MC Something about the media specific to this case was the President of the Philippines, Joseph Estrada, who had a very keen interest in getting these young men convicted. His personal secretary is Mrs. Chong’s sister and she showed up at news stations. This was what one of the journalists we interviewed informed us. She told them that she was there on behalf of the President’s office and she wanted the story to be reported favoring the Chongs. She boldly made that known. It was as good as a death threat from the leading administration. Now that’s changed, of course, in the current administration, but that’s the way it was then. The drug lords, the mob bosses are not outside criminal forces; they were on the government payroll. In fairness to some of the journalists, they were just purely afraid for their lives to report on the other side.


Michael and Marty, 2011.

PC Paco is the central protagonist of this film for a variety of reasons, including the family relationship with you, Marty. What is it about this young man that he became this centrifugal force, not only for your film, but for the whole case?

MC Marty hadn’t seen him since he was a kid and I had never met him. The first morning we were in the Philippines, we went straight to the jail to try and find a way to get in to see him. He was on death row at that point. After a couple of hours, someone came to get us and we were led into this type of dorm, which was pitch black since there’s no electricity during the day. They brought us to the end of this hallway, up a staircase and into this room and there he was. Just being in his presence, you felt safe somehow.

He’s the rock in the center of his family. That’s why they’ve all lasted this long. He’s been in jail for close to fifteen years; he’s a survivor and he can take care of himself. In terms of his parents, who are so vulnerable and fragile, this is why Paco doesn’t show a lot of emotion, particularly in front of them. He’s the one that’s always reassuring them that everything’s going to be okay. He’s the one that keeps them all strong.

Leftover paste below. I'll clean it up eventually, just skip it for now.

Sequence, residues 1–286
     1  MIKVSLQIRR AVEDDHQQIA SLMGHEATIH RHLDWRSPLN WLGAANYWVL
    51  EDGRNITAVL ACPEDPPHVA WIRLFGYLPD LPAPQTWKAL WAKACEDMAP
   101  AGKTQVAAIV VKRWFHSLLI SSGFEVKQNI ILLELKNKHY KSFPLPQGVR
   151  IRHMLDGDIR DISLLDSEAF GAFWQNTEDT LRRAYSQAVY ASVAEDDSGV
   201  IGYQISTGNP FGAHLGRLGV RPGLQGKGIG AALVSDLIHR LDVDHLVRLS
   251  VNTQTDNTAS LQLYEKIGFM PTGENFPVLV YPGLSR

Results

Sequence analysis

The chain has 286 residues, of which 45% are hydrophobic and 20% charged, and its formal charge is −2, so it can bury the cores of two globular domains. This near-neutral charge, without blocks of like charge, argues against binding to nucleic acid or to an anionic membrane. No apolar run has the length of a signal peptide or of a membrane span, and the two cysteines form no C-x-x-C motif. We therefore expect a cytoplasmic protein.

MS Even though he’s the one locked inside a prison, wrongfully convicted, this is his family. And they are suffering, too, and carry this enormous guilt.

MC Their whole community, the entire country seemed to turn against them. Paco’s mother is a very proud person and also a very private one, honest, hard working. They’ve had to endure so much censure, lies, character assassination—it just goes on and on. Their livelihood comes from their farm in Cebu. They could only afford to go see him once or twice a year in Manila, which is only a one-hour flight.

MS The media was also responsible for misrepresenting who these people are. By no means are they impoverished; they’re solidly middle class. But the media presented them as being rich, affluent, privileged. “The rich are trying to get away with murder,” with Paco as the “scion” of this wealthy family, this clan.

MC They’ve been accused of paying off everyone, left and right, falsifying documents. Once you see the fragility of these people, you realize how absurd these accusations are.

MS They are, in fact, quite naïve. They trusted the system too much. I’m a Filipino and I know how the system works. It’s not something to be trusted. Either you pay the police to make it all go away, or you flee. Paco had that option. My brother, Jamie, recommended that he do just that. But it was Paco’s mom who convinced him that if he ran, he would always be branded as a criminal when he had no reason to run. She feels tremendous guilt and remorse about that.

PC For such an airtight piece, one can intuit how many pitfalls there could have been in putting something this complex and personal together. Now that you’ve started having encounters and responses from audiences, what do you know about this film that you might not have before?